While World War II raged across the globe, Americans back on the homefront were heavily engaged in the war effort. There were training camps, military maneuvers, war bond events, and scrap drives. Rationing of food, rubber, and gasoline were necessary to fulfill military needs. World War II affected everyone personally and most did their part to support their country.
One of the most fascinating aspects of homefront life during WWII was the presence of prisoner of war camps in communities across America. There were hundreds of them, housing mostly German and Italian troops. The Japanese rarely allowed themselves to be taken prisoner. From June 1943 to June 1946, Camp Ruston served as one of more than 500 prisoner of war camps in the United States.
The camp was built by the local T.L. James Company on 770 acres about seven miles west of Ruston in 1942. From June 1943 to June 1946, the camp served as one of more than 500 prisoner of war camps in the United States. At its peak in October, 1943, the camp held 4,315 prisoners, making it one of the largest POW camps in America.
The first 300 men interned in Camp Ruston arrived in August 1943 from Field Marshal Erwin Rommel’s elite Afrika Korps. Thousands of German captives followed after landing at east coast ports and traveling by train to the camp. French, Austrian, Italian, Czech, Polish, Yugoslav, Romanian, and Russian prisoners who had been conscripted into the German military were also housed at Camp Ruston.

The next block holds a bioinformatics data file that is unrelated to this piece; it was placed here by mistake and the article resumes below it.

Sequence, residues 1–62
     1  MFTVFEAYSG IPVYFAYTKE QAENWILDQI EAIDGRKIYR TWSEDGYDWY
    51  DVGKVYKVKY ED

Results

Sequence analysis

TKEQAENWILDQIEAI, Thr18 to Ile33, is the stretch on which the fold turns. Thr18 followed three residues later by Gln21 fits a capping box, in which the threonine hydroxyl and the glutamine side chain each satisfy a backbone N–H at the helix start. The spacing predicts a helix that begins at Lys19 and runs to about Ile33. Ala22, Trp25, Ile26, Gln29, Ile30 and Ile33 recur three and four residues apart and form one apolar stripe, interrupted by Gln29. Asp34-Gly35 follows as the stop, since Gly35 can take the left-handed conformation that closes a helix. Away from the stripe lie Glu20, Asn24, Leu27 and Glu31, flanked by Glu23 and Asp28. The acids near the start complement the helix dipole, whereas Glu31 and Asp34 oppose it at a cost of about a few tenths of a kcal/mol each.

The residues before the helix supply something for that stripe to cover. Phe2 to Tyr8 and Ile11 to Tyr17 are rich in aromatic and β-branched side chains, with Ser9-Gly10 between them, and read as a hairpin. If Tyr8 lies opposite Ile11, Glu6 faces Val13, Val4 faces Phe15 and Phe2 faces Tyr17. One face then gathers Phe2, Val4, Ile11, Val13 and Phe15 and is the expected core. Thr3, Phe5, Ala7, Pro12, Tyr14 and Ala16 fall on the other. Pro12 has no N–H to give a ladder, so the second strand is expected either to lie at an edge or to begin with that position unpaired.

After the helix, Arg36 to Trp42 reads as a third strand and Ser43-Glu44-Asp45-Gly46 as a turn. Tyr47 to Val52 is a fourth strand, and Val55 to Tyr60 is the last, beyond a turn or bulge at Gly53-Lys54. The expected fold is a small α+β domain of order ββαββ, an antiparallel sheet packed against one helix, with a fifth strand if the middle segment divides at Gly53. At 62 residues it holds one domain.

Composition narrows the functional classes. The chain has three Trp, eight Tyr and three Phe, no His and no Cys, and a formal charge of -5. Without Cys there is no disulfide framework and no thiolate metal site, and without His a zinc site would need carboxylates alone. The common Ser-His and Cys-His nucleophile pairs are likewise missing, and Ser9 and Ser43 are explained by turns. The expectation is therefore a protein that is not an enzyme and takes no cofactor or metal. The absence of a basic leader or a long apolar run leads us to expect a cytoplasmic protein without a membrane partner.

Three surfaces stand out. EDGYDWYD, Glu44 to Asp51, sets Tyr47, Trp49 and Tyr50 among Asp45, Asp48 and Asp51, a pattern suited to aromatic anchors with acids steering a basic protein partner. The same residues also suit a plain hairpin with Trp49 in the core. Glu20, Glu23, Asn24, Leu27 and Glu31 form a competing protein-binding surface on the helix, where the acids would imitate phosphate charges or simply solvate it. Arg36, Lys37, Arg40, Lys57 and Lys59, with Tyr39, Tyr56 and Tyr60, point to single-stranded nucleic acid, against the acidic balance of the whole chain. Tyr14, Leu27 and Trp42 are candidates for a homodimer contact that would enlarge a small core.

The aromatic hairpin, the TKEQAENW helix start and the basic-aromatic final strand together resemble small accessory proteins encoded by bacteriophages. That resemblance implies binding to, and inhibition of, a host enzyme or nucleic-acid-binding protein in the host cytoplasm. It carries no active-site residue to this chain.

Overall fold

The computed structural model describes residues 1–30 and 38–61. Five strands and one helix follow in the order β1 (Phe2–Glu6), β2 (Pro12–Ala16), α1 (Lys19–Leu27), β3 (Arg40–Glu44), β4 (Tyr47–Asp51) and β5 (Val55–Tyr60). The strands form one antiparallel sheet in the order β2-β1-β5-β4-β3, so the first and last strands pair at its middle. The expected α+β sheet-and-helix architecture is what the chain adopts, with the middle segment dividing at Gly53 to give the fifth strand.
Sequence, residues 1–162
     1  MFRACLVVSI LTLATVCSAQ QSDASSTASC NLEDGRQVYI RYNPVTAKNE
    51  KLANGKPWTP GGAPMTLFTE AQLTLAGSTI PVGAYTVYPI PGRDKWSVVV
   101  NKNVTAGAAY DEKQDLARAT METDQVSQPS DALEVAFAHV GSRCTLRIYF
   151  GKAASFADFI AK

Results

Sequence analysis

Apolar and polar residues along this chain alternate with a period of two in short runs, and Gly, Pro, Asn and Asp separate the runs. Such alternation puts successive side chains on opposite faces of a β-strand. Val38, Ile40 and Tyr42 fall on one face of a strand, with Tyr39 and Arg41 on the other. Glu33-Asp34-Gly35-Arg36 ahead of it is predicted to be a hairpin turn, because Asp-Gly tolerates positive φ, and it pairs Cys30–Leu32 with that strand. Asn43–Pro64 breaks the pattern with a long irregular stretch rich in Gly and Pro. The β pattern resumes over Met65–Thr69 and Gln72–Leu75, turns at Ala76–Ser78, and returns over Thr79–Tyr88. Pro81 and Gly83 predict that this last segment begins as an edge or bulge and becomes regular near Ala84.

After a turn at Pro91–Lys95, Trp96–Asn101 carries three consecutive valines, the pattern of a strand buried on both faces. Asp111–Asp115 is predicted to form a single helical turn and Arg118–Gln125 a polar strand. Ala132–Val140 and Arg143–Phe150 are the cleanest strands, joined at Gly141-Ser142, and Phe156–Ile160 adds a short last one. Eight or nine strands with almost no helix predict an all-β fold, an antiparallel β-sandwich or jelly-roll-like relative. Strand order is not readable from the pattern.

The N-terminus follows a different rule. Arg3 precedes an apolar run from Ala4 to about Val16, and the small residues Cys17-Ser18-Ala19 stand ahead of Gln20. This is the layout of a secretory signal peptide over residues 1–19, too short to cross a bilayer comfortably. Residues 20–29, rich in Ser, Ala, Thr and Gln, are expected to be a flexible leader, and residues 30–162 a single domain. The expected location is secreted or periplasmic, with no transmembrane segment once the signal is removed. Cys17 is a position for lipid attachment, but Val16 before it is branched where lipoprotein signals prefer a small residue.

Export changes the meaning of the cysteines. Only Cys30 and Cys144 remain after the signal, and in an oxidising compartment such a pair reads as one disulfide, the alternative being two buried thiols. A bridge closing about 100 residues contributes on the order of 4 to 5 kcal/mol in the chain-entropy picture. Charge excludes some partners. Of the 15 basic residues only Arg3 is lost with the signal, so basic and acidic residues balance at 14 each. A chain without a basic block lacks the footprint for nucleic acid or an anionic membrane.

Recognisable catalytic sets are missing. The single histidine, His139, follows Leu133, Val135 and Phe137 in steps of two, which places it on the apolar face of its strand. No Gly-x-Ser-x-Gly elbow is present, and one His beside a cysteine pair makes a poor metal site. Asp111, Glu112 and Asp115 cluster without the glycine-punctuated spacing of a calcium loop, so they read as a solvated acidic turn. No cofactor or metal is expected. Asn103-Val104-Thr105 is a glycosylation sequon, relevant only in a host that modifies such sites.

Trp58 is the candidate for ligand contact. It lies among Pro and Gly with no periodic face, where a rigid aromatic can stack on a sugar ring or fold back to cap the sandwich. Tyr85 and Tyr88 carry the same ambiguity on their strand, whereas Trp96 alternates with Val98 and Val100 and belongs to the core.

In 1944, the captured officers and crew of the German submarine U-505 were sent to the camp and hidden in a restricted area to prevent them from communicating to the enemy that secret naval codes had fallen into Allied hands. They could not communicate with their families for the duration of the war.
During their incarceration in Camp Ruston, the prisoners benefited from food, medical care, and physical surroundings better than what their countrymen were experiencing at home. The prisoners engaged in athletic and crafts activities and were allowed to organize an orchestra, a theater, and a library. Some took courses through American universities.
Prisoners who were enlisted men were required to work at the camp or for local farms and businesses. They picked cotton, felled timber, built roads, and performed other tasks to help solve the domestic labor shortage caused by the war. They were paid in scrip for use in the camp canteen to purchase cigarettes, soft drinks, writing paper, and even beer.
The camp closed in June 1946 after the last prisoners were removed. Very little of the camp remains today. Four dilapidated buildings exist on what is today the West Campus of Grambling State University on LA Highway 150 west of Grambling. The portion of the camp where prisoner compounds were located is just north of West Campus. Owned by Louisiana Tech University, the former prisoner area is now used for beef and hay production.
Tags: History | Museums
The Louisiana Tech Library maintains a huge collection of Camp Ruston items including documents, photographs, uniforms, and artifacts. The Special Collections floor is open in Wyly Tower Monday-Friday when the university is in session. Call 318-257-2935 or email at firstname.lastname@example.org for more information on operating hours and tours. Click here for a look into Special Collections, Manuscripts, and Archives.